“Show me something natural like afro on Richard Pryor. Show me something natural like ass with some stretch marks”. Everyone has had an opinion on Kendrick Lamar’s latest song, Humble. Many people also had an opinion on the above lyrics.

While discussions of women’s bodies and the male gaze isn’t new, conversations about natural hair seems to be creeping in to what men prefer. The momentum of the natural hair movement hasn’t slowed down and it seems that men also want to add their voices to the movement. Kendrick Lamar is certainly not the first rapper to express their desire and appreciation of natural hair. Wale released a song, Black is Gold, accompanied by a video which celebrated the diversity of black women which includes a woman with natural hair in a taped cut.   R’n’b crooner, Usher, recently released a video saying: ‘I like my natural hair. I like your natural hair, baby. Grow it females, I appreciate your natural hair. Let me see it”. However, not all men are for natural hair. in 2011, Method Man said “No. I don’t like peasy afros, sorry. I don’t like dreads either. I like a woman to get her hair did.“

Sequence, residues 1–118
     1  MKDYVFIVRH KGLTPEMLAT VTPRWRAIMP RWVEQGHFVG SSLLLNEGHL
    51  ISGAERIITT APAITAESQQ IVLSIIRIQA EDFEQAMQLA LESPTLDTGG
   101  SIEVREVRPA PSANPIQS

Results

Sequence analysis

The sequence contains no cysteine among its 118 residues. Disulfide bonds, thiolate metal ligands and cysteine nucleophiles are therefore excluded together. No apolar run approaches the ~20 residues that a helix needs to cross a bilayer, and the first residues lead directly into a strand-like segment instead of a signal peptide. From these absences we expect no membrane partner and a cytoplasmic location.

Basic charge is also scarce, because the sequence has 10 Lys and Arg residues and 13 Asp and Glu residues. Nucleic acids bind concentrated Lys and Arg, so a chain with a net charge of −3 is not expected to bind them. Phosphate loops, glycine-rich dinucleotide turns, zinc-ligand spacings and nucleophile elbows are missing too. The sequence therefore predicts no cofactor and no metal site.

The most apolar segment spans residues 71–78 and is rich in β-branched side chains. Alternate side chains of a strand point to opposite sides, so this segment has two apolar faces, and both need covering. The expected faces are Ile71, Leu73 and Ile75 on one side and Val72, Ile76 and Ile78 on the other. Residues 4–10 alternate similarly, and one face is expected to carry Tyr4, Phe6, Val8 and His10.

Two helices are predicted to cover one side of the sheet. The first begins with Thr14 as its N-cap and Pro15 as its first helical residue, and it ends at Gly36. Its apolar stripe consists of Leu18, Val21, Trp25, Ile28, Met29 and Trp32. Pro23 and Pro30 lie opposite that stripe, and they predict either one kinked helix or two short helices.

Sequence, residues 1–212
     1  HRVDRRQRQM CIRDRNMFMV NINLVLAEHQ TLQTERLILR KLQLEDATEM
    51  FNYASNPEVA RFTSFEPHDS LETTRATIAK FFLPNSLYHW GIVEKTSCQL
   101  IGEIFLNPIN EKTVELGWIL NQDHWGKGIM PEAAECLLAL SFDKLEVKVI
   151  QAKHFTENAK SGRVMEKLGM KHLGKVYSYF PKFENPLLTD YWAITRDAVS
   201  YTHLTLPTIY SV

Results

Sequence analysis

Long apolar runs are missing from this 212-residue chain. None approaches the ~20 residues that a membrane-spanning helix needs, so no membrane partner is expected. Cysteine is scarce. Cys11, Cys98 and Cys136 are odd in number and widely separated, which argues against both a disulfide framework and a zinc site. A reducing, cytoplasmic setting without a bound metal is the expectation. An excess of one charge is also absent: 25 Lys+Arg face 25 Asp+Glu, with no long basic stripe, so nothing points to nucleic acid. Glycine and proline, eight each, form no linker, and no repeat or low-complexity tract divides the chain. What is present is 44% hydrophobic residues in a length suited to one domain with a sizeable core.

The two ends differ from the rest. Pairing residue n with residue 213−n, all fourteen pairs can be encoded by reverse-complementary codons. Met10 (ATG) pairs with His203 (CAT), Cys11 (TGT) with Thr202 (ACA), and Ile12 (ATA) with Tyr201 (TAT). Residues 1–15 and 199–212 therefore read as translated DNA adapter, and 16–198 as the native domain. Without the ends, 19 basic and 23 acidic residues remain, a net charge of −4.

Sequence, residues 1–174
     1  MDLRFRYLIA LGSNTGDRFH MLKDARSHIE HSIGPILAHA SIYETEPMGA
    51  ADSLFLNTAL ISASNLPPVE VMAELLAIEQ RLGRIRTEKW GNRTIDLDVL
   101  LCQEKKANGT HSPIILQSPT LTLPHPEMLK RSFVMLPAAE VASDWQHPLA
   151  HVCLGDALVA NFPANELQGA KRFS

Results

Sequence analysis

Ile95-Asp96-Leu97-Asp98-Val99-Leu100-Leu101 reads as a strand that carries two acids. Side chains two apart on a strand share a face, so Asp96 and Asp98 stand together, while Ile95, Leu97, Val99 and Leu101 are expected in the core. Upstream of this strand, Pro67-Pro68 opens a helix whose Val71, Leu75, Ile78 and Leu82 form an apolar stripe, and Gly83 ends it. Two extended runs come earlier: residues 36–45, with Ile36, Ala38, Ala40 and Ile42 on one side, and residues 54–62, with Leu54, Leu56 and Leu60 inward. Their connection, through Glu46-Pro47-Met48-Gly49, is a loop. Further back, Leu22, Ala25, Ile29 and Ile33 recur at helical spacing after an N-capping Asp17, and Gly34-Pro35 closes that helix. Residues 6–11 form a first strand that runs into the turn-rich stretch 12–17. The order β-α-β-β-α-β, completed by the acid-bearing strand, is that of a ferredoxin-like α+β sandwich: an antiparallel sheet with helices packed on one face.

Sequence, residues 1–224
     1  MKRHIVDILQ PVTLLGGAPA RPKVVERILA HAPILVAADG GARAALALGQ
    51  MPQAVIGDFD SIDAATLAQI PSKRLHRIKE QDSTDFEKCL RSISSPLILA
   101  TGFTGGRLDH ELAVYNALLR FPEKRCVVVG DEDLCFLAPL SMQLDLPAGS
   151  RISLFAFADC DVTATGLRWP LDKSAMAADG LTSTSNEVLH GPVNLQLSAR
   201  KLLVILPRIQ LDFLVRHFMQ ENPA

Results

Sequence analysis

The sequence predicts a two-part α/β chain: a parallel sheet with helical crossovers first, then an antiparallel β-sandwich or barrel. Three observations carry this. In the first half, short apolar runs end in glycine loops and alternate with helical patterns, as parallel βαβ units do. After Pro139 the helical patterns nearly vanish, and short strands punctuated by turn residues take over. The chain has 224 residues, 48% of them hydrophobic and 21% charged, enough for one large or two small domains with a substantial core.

As a rapper, Method Man comes from a culture (hip hop and rap) that notoriously doesn’t subscribe to female empowerment which also creates sexist and misogynistic videos that reflect the lyrics. While Kendrick Lamar and Wale have stepped away from this hyper masculinity and state their preference that doesn’t necessarily align with  what their fellow rappers are saying, does that give them the authority to comment on what a female should look like? Are men who state they prefer “natural looking girls” just as damaging? However, we do live in a highly filtered, flawless chasing society and Lamar was critical of this. Lamar was calling for diversity of women which Wale did attempt to show in his Black is Gold video. Moreover, we may be viewing the lyrics at face value; we all know that Kendrick Lamar is a master of subliminal and layered meanings. Simply, this debate would not have occurred if a female rapper/singer expressed the same sentiment about natural hair like Kendrick Lamar’s Humble.

There are certain nuances in conversations surrounding natural hair, however the conversions are there. It’s encouraging to see that women, as well as men, have come to see the beauty of natural hair.


What do you think? Is there room for men to join in the conversation about natural hair?